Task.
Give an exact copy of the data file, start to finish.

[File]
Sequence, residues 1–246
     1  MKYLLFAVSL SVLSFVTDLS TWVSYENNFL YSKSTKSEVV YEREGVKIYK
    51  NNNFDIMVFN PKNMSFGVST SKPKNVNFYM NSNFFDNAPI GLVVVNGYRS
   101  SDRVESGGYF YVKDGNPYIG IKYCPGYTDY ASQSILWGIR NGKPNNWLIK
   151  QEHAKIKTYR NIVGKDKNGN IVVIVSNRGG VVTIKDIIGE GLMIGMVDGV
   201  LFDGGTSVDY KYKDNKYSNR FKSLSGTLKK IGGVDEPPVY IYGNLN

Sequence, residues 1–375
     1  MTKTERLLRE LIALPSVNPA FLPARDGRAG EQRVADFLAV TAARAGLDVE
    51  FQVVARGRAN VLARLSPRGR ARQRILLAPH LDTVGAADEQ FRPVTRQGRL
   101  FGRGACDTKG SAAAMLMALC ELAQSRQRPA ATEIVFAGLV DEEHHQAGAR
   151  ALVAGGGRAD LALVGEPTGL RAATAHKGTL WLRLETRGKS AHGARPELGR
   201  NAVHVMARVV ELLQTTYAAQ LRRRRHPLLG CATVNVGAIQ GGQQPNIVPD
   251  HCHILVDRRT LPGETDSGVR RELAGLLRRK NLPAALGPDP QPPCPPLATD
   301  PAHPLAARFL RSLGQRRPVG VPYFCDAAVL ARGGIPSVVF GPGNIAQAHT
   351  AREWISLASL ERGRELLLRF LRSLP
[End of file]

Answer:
Sequence, residues 1–246
     1  MKYLLFAVSL SVLSFVTDLS TWVSYENNFL YSKSTKSEVV YEREGVKIYK
    51  NNNFDIMVFN PKNMSFGVST SKPKNVNFYM NSNFFDNAPI GLVVVNGYRS
   101  SDRVESGGYF YVKDGNPYIG IKYCPGYTDY ASQSILWGIR NGKPNNWLIK
   151  QEHAKIKTYR NIVGKDKNGN IVVIVSNRGG VVTIKDIIGE GLMIGMVDGV
   201  LFDGGTSVDY KYKDNKYSNR FKSLSGTLKK IGGVDEPPVY IYGNLN

Sequence, residues 1–375
     1  MTKTERLLRE LIALPSVNPA FLPARDGRAG EQRVADFLAV TAARAGLDVE
    51  FQVVARGRAN VLARLSPRGR ARQRILLAPH LDTVGAADEQ FRPVTRQGRL
   101  FGRGACDTKG SAAAMLMALC ELAQSRQRPA ATEIVFAGLV DEEHHQAGAR
   151  ALVAGGGRAD LALVGEPTGL RAATAHKGTL WLRLETRGKS AHGARPELGR
   201  NAVHVMARVV ELLQTTYAAQ LRRRRHPLLG CATVNVGAIQ GGQQPNIVPD
   251  HCHILVDRRT LPGETDSGVR RELAGLLRRK NLPAALGPDP QPPCPPLATD
   301  PAHPLAARFL RSLGQRRPVG VPYFCDAAVL ARGGIPSVVF GPGNIAQAHT
   351  AREWISLASL ERGRELLLRF LRSLP